*Best viewed on black!* Check out this recent article I did, showing my favorite places to shoot the Milky Way! I have also released a new tutorial showing how you can process your Milky Way image using Lightroom CC, check it out here. I am sure there are a few technical questions to be answered, so I will address how the photo was taken for a moment. This image is an 85MM photograph of the Galactic Core rising behind a lone tree on a hill. The tree is on top of a hill and I am standing at the bottom, giving me the ability to move around and plan the exact position to catch the Galaxy rising in the right spot. Also giving me the ability to get a clean Milky Way rising right above the horizon without a ton of light pollution. The image is a mix of two different photos, one 50 second photo taken of the Galaxy. Which uses a star tracker device that follows the stars and allows you to take long exposures without star blur. Then the 2nd photo is 50 secounds without the star tracker for the tree and the hill. The positioning of the Milky Way has been left natural to what I viewed in person. These photos were taken no more then 1 -2 minutes apart. Currently to take an image like this in one exposure and retain this amount of quality is not possible. In a few years it will most likely be possible, due to the development of better high iso sensitivity cameras. I actually took this image over a year ago and have been working really hard tweaking the colors and deciding what I wanted to say about the image. Its a difficult image to describe and I know there will most likely be some disconnect with the photo, even after reading this description. But thanks for checking it out!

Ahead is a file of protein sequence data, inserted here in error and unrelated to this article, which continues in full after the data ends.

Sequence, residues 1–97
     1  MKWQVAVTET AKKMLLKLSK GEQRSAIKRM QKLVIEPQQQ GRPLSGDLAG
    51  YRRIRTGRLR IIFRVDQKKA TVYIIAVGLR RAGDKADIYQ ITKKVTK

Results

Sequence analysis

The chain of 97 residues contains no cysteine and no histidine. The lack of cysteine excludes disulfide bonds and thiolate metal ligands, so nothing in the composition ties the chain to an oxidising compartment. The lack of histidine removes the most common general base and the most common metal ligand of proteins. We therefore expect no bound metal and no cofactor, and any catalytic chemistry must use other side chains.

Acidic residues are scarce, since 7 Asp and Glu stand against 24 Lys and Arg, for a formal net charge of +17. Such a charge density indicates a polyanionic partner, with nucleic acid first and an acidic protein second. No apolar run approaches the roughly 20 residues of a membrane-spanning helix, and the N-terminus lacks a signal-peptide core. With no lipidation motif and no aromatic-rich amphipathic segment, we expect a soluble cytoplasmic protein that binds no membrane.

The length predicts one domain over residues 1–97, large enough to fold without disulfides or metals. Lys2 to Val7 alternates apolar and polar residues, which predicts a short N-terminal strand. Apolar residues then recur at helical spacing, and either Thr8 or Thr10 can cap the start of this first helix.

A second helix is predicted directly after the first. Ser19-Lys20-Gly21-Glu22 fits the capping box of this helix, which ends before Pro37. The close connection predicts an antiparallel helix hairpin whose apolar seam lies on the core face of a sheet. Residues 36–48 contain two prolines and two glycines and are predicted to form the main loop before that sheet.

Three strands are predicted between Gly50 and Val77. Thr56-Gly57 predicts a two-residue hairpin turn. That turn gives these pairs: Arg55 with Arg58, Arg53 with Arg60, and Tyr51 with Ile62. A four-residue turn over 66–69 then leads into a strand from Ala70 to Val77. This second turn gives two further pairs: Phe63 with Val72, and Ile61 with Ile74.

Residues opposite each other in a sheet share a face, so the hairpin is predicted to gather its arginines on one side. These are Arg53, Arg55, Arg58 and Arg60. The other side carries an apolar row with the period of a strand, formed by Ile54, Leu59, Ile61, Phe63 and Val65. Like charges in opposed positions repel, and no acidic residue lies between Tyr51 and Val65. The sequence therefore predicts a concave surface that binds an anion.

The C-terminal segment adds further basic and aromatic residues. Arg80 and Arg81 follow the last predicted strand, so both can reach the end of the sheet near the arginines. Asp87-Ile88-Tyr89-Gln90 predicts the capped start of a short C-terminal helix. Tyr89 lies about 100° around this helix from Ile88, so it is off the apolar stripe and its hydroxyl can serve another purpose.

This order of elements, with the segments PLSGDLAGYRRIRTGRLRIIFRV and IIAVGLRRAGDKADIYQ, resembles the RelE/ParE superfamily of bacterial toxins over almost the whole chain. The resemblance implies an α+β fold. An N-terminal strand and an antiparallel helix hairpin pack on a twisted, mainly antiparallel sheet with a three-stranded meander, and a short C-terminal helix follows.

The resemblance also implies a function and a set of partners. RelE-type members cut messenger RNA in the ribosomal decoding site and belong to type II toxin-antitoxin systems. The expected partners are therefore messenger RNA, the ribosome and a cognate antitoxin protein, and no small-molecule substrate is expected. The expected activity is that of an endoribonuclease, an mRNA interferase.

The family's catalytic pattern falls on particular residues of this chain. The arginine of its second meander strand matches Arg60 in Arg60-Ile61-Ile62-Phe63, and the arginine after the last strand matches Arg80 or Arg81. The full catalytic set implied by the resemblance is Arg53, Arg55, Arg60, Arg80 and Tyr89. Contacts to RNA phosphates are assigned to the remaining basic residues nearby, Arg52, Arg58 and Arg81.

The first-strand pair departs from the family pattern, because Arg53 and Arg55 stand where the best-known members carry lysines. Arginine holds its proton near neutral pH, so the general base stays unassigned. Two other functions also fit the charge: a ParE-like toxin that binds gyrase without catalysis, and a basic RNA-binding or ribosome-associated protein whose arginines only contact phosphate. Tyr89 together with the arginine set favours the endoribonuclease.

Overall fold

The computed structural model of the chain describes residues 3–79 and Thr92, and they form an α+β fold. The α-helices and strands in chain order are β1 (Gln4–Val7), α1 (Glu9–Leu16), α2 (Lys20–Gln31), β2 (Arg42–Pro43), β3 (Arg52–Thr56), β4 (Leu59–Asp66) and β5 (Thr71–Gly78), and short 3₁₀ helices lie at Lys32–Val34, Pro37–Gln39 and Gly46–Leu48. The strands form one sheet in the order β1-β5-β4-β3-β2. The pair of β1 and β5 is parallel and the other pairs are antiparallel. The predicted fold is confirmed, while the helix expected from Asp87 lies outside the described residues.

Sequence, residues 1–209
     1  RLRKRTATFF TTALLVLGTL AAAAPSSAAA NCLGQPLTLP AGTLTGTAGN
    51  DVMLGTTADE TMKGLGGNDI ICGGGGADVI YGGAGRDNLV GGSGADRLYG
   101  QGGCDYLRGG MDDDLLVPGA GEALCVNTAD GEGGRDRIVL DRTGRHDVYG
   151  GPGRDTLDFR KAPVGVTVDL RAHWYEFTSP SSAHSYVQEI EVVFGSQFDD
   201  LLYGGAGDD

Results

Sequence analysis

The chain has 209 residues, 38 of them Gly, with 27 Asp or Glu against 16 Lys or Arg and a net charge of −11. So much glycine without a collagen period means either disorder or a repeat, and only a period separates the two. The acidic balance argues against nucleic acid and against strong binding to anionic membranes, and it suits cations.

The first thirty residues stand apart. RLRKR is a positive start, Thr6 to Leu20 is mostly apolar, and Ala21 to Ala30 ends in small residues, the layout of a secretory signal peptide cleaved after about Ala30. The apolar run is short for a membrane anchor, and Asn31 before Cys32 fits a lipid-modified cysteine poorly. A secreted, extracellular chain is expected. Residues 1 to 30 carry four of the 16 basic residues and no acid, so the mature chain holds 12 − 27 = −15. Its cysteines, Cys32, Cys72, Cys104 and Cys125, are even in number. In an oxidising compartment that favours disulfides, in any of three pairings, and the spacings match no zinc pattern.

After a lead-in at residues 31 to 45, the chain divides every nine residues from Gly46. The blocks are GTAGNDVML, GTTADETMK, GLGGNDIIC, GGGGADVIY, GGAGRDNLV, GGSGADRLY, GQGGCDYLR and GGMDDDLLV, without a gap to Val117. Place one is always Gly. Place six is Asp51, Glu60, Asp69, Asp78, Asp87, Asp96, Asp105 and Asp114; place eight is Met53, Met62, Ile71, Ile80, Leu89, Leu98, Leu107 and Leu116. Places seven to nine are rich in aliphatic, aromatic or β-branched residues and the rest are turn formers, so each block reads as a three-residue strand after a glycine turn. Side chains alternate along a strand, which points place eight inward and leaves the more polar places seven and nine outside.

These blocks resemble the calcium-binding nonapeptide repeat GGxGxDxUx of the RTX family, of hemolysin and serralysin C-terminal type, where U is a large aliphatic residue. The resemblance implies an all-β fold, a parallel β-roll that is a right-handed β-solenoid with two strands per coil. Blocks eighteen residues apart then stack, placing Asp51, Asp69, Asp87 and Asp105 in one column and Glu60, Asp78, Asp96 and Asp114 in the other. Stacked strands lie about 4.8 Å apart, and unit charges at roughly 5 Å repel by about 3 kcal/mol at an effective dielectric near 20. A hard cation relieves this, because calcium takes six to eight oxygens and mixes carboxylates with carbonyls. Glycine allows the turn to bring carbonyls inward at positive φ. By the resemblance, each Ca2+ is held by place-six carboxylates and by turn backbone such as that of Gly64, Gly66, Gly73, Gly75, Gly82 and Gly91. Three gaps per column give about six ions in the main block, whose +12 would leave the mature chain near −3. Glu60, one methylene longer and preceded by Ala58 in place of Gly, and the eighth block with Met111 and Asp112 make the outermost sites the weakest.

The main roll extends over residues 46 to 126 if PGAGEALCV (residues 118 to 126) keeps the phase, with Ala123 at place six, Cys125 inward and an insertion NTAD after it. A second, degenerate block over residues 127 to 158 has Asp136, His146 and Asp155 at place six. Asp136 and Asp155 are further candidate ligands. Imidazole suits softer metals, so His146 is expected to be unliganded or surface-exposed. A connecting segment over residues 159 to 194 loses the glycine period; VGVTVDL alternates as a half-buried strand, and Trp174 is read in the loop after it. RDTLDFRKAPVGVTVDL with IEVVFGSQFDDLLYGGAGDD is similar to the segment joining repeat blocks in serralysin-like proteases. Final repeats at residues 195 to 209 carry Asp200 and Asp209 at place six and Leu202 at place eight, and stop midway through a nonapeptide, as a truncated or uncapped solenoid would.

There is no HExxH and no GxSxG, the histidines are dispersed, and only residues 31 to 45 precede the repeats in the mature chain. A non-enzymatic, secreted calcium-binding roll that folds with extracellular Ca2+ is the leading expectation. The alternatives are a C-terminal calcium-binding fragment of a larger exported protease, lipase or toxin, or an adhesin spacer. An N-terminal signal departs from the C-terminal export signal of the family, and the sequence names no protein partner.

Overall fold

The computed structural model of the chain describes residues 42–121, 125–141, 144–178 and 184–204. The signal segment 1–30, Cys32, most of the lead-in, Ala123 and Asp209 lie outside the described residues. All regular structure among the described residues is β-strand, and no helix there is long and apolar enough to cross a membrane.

Michael Shainblum: Photos